Olivia Colman may be one of the country's hottest faces on screen now, but there was a time when she had to commute to London to work as a temp, and she hated it - and her job.
"I was a terrible secretary. I spent years working as a temp, which meant commuting," she remembers. "All those fists in each other's backs, I used to hate it. I can see how, if there is a tiny outlet, you might go for it."
'Going for it' is the subject of the BBC's new drama, 'The 7.39', written by 'One Day' author David Nicholls, which shows the dramatic repercussions of what Olivia calls "those frisson moments on a train".
David Morrissey plays Carl, a middle-aged salary man happily married to Maggie (Olivia Colman), but for whom the daily drudge has got too much, until his daily train encounters with Sally (Sheridan Smith) lead to something more.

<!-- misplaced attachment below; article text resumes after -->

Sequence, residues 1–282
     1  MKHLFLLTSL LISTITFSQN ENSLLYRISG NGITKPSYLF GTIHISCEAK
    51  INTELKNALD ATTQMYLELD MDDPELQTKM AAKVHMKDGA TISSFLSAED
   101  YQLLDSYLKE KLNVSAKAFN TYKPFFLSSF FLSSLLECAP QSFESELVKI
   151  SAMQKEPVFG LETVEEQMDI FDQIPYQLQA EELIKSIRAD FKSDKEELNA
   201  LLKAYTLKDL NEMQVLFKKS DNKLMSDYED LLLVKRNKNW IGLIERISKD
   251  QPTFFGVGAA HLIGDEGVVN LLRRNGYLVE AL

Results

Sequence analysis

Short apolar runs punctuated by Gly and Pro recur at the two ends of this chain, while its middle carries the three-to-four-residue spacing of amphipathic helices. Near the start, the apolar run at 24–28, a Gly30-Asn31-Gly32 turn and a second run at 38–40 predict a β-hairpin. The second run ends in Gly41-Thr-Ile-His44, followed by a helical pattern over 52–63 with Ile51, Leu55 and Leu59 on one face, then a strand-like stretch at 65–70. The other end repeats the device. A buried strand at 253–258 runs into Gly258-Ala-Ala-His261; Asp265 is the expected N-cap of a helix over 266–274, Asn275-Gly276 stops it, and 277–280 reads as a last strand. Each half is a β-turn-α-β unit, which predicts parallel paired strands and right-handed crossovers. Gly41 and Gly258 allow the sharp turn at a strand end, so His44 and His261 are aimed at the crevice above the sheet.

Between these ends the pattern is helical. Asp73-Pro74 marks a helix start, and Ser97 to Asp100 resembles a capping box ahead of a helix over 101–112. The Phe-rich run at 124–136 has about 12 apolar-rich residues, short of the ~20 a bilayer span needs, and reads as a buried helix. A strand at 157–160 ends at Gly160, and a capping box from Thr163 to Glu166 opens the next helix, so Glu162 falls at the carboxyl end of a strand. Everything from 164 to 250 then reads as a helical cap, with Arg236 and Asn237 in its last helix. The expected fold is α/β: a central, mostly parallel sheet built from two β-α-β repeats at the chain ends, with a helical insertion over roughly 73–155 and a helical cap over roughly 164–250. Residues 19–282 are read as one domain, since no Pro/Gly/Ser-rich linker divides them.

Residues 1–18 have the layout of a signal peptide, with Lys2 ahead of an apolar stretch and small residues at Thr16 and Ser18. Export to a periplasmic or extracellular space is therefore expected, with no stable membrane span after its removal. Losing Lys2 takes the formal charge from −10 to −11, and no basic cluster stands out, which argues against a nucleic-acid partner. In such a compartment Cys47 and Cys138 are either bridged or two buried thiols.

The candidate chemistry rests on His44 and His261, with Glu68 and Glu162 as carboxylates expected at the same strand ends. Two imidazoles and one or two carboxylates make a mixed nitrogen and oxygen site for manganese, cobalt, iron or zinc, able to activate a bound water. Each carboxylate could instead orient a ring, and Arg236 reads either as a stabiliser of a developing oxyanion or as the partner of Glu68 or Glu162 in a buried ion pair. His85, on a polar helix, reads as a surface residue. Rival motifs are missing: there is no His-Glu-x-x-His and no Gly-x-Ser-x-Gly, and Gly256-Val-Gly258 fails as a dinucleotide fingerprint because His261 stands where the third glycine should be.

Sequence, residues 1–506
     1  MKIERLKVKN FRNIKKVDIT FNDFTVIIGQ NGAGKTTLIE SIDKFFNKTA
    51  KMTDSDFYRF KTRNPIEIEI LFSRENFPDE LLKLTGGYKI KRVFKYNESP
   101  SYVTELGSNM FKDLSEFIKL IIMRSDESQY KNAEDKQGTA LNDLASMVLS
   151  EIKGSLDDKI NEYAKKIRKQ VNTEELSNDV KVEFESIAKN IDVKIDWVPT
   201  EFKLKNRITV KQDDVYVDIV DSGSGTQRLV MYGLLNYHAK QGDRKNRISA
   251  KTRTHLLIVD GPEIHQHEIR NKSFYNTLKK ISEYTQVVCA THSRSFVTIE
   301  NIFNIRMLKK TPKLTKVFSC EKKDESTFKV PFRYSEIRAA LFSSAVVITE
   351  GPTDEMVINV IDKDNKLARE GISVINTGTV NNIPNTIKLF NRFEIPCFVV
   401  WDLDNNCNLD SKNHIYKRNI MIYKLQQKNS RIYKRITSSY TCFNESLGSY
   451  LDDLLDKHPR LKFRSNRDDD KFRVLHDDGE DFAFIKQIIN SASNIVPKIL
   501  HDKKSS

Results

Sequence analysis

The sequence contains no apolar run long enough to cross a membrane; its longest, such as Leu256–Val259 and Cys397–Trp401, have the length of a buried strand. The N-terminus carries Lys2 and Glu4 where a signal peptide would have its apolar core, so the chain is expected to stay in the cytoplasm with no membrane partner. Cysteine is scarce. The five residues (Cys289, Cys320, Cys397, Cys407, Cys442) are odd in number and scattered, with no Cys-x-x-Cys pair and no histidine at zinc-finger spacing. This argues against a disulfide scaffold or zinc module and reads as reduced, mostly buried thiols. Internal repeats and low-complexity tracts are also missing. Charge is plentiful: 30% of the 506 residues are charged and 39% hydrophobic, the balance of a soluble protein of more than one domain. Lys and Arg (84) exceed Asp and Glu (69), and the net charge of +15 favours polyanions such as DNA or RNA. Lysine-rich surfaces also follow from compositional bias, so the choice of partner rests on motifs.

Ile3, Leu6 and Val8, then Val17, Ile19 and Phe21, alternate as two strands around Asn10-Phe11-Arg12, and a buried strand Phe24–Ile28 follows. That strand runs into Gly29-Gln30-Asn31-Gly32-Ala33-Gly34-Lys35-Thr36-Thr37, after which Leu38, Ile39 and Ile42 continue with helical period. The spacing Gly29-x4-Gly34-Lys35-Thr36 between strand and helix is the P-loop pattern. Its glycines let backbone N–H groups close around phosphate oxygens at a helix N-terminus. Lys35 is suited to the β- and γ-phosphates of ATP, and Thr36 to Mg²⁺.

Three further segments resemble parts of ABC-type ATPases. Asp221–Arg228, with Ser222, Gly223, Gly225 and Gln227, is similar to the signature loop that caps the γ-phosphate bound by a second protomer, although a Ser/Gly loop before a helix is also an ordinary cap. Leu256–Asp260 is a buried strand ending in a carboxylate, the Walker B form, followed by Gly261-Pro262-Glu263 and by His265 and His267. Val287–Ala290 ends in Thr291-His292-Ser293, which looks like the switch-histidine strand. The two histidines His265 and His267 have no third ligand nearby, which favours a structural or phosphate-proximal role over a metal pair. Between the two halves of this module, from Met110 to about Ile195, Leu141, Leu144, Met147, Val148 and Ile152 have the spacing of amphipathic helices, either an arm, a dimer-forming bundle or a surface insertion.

"I can understand more where Sally is coming from," reflects Olivia. "Her fiancé is a lovely man but she's not meant to be with him.
"Carl feels unappreciated at all times, he's feeling unloved and unimportant, and foolishly, he wants to feel everything again.
"Poor Maggie, his wife whom I play, is an innocent, she's trying to make sense of her husband changing, not knowing what happens once the person you love leaves the house.
"I found it quite tense and upsetting, but you could also see why they would. Part of you is thinking, go on, do it.
"But you get to see the consequences - you do see the fallout, which is rewarding from an audience's point of view, that those frisson moments have huge repercussions."
'The 7.39' is on tonight at 9pm, BBC1. Concludes tomorrow.